Clients entrust their project managers to make smart decisions and keep the project moving. We are part collaborator, enforcer and peacemaker, psychologist and psychiatrist and a host of other competing analogies. One important lesson learned is when bizarre and unpredictable issues crop up, how you handle it sets the tone for its resolution and future relations with your project team. While that in of itself is not unique, it is a daily and common occurrence for an Owner’s Rep working on multiple projects that a tenant often does not experience.
I am representing a tenant who is moving into an early 20th century landmark tower and constructing a gym as part of their office space. Knowing there would be floor load and sound concerns generated by the gym equipment that would likely disturb surrounding tenants, we proactively engaged acoustical and structural engineers to evaluate conditions and design the appropriate structural and noise abatement solutions.
The evaluation process requires access to occupied floors above and below to perform probing, weight drop and other sound, vibration and load tests. Coincidentally, of all the buildings in NYC, the tenant below the target floor happens to be a previous client of mine too.
So far so good. We’ve addressed the concerns of everyone’s needs, the plans were approved and the landlord and tenant below have been very cooperative and appreciative of our due diligence.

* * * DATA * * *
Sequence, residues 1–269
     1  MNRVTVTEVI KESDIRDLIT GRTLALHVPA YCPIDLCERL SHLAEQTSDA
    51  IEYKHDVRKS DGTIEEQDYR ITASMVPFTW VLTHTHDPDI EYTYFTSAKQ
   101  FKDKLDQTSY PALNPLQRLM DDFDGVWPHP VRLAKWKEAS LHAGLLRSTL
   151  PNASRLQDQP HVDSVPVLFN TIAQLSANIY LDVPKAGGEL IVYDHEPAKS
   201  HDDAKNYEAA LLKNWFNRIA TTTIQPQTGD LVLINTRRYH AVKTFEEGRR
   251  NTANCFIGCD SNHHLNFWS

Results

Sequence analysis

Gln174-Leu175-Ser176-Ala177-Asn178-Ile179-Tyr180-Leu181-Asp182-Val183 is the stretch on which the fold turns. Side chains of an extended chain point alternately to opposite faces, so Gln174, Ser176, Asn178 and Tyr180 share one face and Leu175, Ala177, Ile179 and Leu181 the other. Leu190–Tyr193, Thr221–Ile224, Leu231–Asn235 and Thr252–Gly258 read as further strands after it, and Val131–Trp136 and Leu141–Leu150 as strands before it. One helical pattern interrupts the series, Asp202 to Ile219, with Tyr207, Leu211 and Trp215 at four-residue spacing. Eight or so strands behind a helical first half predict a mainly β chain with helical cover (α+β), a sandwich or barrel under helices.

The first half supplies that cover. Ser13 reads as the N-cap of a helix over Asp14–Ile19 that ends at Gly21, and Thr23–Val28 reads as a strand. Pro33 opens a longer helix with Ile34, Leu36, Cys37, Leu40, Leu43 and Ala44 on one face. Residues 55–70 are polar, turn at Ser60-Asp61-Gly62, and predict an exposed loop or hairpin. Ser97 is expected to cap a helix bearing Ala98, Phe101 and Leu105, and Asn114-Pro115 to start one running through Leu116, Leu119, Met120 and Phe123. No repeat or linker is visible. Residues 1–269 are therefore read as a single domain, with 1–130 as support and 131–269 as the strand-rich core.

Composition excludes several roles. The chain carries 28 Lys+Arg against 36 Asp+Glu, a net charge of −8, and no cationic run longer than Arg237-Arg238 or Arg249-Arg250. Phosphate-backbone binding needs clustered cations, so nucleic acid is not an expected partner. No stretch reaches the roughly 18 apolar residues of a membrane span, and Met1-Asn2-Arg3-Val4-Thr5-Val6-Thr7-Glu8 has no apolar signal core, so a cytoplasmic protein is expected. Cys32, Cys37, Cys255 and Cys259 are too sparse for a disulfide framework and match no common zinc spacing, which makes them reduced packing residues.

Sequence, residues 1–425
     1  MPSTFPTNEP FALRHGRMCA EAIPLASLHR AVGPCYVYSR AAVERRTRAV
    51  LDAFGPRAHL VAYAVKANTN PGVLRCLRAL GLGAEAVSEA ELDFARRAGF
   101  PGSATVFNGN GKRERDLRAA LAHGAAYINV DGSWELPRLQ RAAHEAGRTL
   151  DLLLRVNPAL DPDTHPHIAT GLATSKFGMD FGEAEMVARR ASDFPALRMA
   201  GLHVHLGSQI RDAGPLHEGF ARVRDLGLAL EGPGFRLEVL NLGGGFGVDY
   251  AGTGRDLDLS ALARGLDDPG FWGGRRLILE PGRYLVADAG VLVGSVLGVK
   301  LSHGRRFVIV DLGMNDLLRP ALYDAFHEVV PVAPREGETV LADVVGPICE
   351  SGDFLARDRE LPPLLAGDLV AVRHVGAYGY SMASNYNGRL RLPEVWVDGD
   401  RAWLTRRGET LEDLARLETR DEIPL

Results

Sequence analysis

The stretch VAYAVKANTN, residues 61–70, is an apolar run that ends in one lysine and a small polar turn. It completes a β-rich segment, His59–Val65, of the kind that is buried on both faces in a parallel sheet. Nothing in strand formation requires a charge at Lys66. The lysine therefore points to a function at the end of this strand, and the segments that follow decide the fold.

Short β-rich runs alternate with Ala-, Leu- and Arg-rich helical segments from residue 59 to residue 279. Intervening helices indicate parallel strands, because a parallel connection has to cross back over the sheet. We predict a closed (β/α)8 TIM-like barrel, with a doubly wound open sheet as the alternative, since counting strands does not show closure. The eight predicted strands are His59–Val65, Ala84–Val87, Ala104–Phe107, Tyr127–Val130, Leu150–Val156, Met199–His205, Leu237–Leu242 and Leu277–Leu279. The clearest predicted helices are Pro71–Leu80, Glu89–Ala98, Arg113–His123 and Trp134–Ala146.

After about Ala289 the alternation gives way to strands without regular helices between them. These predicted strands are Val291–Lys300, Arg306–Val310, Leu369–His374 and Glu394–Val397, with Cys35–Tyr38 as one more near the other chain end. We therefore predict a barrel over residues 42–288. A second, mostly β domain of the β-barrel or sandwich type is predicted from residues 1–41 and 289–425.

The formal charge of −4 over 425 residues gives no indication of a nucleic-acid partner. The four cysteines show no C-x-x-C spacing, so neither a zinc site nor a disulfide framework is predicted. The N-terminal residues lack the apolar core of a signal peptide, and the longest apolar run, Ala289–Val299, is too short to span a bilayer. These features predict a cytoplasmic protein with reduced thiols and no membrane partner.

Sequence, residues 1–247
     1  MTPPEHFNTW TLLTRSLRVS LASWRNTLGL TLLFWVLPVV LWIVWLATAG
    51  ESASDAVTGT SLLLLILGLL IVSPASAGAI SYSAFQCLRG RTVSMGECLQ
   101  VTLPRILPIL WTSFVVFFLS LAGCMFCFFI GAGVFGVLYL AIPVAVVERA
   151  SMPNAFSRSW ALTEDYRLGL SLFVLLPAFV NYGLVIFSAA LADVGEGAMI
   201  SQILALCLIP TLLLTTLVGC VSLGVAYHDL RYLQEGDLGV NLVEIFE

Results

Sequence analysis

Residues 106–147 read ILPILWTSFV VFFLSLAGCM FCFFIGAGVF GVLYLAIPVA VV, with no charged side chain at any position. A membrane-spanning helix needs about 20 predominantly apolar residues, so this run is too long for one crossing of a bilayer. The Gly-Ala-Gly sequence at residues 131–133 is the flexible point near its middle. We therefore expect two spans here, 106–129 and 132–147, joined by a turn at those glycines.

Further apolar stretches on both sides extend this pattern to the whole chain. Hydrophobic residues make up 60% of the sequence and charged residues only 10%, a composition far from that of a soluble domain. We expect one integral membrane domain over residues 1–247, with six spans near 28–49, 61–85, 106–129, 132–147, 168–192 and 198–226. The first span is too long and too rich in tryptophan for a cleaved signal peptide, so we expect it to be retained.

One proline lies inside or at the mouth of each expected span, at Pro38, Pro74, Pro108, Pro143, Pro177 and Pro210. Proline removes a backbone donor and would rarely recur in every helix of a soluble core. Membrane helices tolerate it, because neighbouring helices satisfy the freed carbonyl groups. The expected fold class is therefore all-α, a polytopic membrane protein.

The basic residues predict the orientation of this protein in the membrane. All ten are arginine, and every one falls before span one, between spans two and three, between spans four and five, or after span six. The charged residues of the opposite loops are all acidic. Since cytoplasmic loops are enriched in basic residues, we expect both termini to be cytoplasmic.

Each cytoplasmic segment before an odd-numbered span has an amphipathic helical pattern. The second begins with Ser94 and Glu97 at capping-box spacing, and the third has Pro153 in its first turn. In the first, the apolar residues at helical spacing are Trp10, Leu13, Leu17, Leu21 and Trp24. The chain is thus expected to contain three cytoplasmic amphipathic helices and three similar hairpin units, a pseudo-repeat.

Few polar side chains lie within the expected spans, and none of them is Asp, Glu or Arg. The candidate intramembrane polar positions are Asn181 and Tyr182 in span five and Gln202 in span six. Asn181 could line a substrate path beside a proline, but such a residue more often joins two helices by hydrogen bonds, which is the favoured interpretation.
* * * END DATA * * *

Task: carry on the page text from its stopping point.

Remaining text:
So imagine my surprise when I find through third parties that a new tenant is moving in above us and planning on building a model shop directly above some of our private offices with spraying and cutting equipment that will be “extremely noisy”. We now find ourselves in the same boat as the tenant below; somewhat helpless and concerned about future disruptions by the new neighbors. It’s like your quiet house neighbor that moved out and replaced by a new family with a non-stop barking dog. It upsets your world and those confrontations often never end well.
We could have handled this several ways. One is the scorched earth approach with legal nasty-grams to the landlord demanding our world not be upset, or a more collaborative approach. We took the latter approach by informing the landlord of our knowledge, inquired if the tenant above performed the same due diligence as us to mitigate noise that might disturb and interfere with our client’s normal operation and asked for an open dialogue.
Besides noise abatement from their equipment, another concern was our construction would likely end before theirs commenced. To avoid post-construction access to the ceilings that would likely be needed, we found ourselves in a unique position. We asked for the plenum area to be thoroughly coordinated to minimize future disruption and we would include some of their plenum work in our scope of work. This way most of their prep work can be addressed during our construction (at their cost of course). The landlord responded positively and all parties are working together to minimize disruption.
Construction problems and resolutions can often get testy and our issue could have quickly escalated into a legal battle and ended much differently. But with solid reasoning, inclusiveness and collaboration with all parties, it achieved everyone’s goals of minimal disruption as possible and design teams working together.
Let’s now hope their spraying and cutting equipment is not the barking dog .